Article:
Recently, tens of thousands of medical school graduates got career-defining, life-altering news. Every March on “Match Day,” medical school graduates learn about their U.S. residency placements, in-depth postgraduate training programs, where they’ll hone clinical skills and focus on a medical specialty.
It’s a celebratory time for many, but for others, including me, it’s a heartbreaking reminder that training, skills, monetary investments, and dedication to the medical field don’t always lead to a triumphant Match Day, let alone to careers contributing to our full potential in a workforce that sorely needs us.
To be clear, Match Day results are only part of the picture of a would-be doctor’s ability to compete and perform in a field with rightfully high quality standards. In my case, I excelled through medical school and was on my way to a promising career – but I’m also one of at least hundreds of Coloradans who went to medical school outside the U.S or Canada, making me an international medical graduate.
My circumstances are somewhat unique: I was born in Greeley but lived in Libya from childhood through early adulthood, including my time in medical school, until family ties brought me back to Colorado. Many of my fellow international medical graduates are refugees, asylees, Special Immigrant Visa recipients, and other immigrants.
Whatever circumstances brought us to Colorado, every international medical graduate I know is poised to contribute advanced skills in the local healthcare workforce, if given the proper chance. Meanwhile, Colorado faces a shortage of 2,400 physicians by 2030, part of the national shortfall of up to 124 ,000 physicians projected by 2034 according to the American Association of Medical Colleges..
International medical graduates like me are qualified to help fill that gap. As the youngest student in my medical school cohort, I thrived during hands-on training in cardiac intensive care, obstetrics and gynecology, and community-based preventative medicine. I returned to my birthplace of Colorado intending to continue caring for patients, but soon learned that processes for medical licensure are extremely challenging, if not impossible, for lots of international graduates. Although my medical school credentials are verified by the Educational Commission for Foreign Medical Graduates, getting licensed to practice here meant repeating rigorous exams and re-starting residency.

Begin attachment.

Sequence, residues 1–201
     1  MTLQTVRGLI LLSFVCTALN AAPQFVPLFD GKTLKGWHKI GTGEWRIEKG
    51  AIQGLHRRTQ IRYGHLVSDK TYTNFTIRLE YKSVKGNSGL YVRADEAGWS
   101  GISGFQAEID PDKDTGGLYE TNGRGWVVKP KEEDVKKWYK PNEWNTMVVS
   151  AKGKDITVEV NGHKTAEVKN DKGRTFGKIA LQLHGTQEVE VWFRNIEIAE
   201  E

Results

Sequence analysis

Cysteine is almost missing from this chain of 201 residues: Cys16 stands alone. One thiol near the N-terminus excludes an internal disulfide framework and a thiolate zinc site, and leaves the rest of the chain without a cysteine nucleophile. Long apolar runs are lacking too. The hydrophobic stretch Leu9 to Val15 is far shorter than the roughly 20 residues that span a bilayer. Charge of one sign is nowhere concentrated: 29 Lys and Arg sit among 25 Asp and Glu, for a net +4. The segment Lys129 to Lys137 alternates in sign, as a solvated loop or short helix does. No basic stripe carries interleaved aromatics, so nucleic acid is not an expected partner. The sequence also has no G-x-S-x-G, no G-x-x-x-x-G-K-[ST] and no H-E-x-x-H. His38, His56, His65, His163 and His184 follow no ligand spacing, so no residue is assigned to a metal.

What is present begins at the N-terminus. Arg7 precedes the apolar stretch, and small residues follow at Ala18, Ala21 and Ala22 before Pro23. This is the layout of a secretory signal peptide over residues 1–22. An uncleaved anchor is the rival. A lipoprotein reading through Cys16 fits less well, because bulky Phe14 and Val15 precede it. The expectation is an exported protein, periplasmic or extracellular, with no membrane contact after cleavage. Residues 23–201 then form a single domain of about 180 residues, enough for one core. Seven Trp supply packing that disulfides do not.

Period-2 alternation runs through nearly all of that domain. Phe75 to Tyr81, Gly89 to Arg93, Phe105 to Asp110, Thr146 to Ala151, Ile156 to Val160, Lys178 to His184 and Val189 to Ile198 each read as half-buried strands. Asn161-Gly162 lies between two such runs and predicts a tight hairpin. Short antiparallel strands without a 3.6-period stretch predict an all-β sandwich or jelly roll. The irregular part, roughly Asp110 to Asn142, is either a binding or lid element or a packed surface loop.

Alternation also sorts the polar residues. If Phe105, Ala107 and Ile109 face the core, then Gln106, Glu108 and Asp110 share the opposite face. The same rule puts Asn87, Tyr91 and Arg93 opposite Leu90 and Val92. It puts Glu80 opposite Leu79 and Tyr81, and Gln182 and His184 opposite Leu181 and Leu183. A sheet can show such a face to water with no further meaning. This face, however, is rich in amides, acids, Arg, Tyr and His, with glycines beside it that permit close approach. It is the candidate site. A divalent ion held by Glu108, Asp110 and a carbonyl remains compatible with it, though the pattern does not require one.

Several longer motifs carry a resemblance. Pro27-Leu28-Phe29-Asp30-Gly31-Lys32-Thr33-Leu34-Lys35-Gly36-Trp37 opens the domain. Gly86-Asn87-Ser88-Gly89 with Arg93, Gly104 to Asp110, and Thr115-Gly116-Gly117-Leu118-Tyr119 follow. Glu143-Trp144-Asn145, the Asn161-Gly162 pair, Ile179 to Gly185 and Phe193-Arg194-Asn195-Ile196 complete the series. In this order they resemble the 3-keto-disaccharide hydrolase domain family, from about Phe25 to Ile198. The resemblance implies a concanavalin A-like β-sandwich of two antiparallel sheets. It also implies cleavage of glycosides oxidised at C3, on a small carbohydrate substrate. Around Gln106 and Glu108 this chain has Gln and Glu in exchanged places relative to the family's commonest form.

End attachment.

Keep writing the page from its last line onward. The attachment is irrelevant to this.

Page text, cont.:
With significant time and financial resources, I’ve persisted. I’ve passed all three steps of the U.S. Medical Licensing Exam, completed numerous U.S. clinical experiences, and built a network with local physicians who recognize me as a colleague. I’m a clinical cancer researcher in Denver, helping deliver new life-saving therapies that give patients vital treatment options, longevity, and hope. Yet, despite my diligence, proven acumen, and many accomplishments, I’ve faced repeated rejections trying to match to a U.S. residency program.
I’m not alone.
International medical graduates consistently match to residency at significantly lower rates than our U.S.-educated peers. On Match Day 2022, the first-year residency match rate for U.S. MD graduates was 93% versus only 60% among international graduates. And while international graduates obtained 22% of residency slots filled nationally in 2021, they filled only 4% of those in Colorado.
Frustratingly, many residency programs won’t accept candidates who completed medical school more than five years ago; in Colorado, that cutoff is as low as two years, depending on the residency program. Some programs go as far as automatically filtering out international graduates—our applications aren’t even considered. Barriers persist despite the fact that many international graduates already have completed a residency program abroad or have even practiced medicine extensively outside the U.S.
In the face of all this, I have reason to look forward: a bill, HB22-1050, is advancing in the Colorado General Assembly that will build on successes in states like Minnesota and Washington in better recognizing international medical graduates’ training, and improving opportunities for us to establish ourselves as licensed doctors.
Importantly, HB22-1050 does not create any new, unique, or alternative medical licensure pathways for international medical graduates, yet it is trailblazing in proposing measures to leverage our education and experience in matching to U.S. residencies and navigating the existing licensure process. Provisions include the creation of a clinical readiness program where international graduates can refine skills preparing for residency, a training and technical assistance program to improve workforce integration, and measures ensuring equitable licensing requirements.
Through HB22-1050, Colorado can bolster livelihoods by tapping into an existing, underutilized pool of talent while helping to counter physician shortages. We can also offer a model for other states in building a more inclusive, equitable health system for all. That is why the Nurse-Physician Advisory Task Force for Colorado Healthcare generated recommendations that informed this legislation and more than 30 organizations, including the Colorado Medical Society, endorse this bill.
The General Assembly should pass and fully fund HB22-1050 without delay and give international medical graduates a better chance to finally have a happy Match Day — and, ultimately, return to our life’s work giving back to our community by practicing medicine. For now, we’re all missing out.
Wafa El-ejmi, of Denver, is a clinical researcher. She is a consultant to Spring Institute for Intercultural Learning, a partner of World Education Services’ #UntappedTalent campaign.
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